Sunday was still a game day, as the Tampa Bay Buccaneers kicked off a new season against the Detroit Lions. And just as they would for any home game, tailgaters grilled, ate, drank and talked football.
But many agreed there was something different about the atmosphere outside Raymond James Stadium. There was a tinge of sadness, and a feeling of loss – both for the victims of the 9/11 terrorist attacks and for Lee Roy Selmon, the Bucs' Hall of Fame defensive end, who died Sept. 4 after a stroke.
"I can feel it," said Maria Rojas, 47, as she collected money from people parking on her parents' property at West Tampa Bay Boulevard and North Glen Avenue.
"Usually people would have flags up and music going, and there would be noise and laughter.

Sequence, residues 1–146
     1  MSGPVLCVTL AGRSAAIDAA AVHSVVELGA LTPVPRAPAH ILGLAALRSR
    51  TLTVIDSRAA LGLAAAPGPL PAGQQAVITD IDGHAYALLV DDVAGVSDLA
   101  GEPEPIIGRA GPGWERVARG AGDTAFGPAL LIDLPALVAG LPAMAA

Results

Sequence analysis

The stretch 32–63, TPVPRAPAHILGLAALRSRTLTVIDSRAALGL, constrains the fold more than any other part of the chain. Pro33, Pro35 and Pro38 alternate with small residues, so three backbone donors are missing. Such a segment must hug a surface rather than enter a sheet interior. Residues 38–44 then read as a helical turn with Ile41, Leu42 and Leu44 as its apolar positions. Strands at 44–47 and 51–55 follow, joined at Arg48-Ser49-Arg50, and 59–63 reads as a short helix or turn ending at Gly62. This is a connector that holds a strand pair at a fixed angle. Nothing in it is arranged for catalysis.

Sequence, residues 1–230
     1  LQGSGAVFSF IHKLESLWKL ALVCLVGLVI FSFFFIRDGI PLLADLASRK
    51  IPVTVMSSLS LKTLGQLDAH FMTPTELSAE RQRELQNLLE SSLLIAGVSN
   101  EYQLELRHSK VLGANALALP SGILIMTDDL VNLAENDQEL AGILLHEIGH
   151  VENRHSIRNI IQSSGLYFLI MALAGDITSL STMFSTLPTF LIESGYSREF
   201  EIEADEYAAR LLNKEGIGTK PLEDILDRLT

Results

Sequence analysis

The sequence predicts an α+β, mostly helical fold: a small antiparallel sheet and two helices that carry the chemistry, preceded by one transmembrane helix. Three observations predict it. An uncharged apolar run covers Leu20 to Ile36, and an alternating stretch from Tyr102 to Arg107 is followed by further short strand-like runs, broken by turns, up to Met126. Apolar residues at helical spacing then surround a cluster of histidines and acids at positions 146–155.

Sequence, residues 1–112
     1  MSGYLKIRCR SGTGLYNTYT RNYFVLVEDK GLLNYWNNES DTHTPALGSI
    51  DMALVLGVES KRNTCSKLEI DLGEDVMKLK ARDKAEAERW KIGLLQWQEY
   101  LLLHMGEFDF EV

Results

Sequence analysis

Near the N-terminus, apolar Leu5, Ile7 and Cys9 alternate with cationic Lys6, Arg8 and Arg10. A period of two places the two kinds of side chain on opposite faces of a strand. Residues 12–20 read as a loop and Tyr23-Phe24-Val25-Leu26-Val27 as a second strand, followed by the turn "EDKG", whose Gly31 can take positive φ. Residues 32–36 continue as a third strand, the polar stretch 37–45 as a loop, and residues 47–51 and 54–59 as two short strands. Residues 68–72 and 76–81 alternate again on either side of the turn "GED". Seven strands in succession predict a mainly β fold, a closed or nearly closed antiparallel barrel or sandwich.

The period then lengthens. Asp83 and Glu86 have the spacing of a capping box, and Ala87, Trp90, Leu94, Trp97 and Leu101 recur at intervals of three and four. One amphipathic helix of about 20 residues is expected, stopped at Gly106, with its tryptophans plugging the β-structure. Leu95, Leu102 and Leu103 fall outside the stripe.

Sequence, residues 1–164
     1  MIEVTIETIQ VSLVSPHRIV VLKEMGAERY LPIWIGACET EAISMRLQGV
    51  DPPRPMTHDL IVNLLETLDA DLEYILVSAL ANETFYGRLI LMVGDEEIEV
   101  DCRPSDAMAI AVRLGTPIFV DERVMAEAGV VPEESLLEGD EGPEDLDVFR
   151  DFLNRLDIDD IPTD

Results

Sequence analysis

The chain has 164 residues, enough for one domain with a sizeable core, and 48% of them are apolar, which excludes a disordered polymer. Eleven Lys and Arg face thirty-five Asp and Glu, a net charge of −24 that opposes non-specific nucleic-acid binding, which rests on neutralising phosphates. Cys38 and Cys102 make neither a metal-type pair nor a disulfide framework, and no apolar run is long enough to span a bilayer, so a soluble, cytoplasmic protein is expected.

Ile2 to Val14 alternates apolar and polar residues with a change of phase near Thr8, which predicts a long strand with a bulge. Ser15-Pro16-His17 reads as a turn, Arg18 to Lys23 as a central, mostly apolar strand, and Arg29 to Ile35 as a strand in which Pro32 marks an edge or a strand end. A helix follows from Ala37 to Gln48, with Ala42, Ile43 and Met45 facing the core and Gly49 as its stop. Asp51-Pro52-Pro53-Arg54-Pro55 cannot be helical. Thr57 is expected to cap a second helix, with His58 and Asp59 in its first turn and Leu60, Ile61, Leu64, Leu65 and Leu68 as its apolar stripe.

"I think it's all of it: 9/11, Lee Roy Selmon and the economy. I can definitely see it."
Across the lot, tailgater Ed Bologna stood under a canopy with a handful of friends and conceded the atmosphere surrounding the Bucs' season opener felt different.
"I can't believe it's been 10 years (since 9/11)," said Bologna, 55, of Tampa. "And two, I can't believe that (Selmon) happened to pass away right when he was going to go to Notre Dame and see USF play.
"It's very solemn."
Some fans debated whether NFL teams should have even played on the 10th anniversary of 9/11.
"I'm very surprised the NFL didn't adjust its calendar," said Jessica Shellard, 39, of Tampa.
"But for a lot of people, this is their worship," countered Tampa resident Susan Boda, 50.
Others weren't dwelling on 9/11, and as for Selmon, he wouldn't have wanted his death to ruin anyone's good time, fans said.
"He wouldn't have wanted that," said Cathy Redford, 55, of Tampa.
"The Bucs will be playing for him today."
A few cars away, Brandon resident Tara Rodriguez, 32, said she had watched some of the 9/11 coverage earlier. But she put all that aside as game time neared.
"But now that you mention it, I lost my buzz," she said.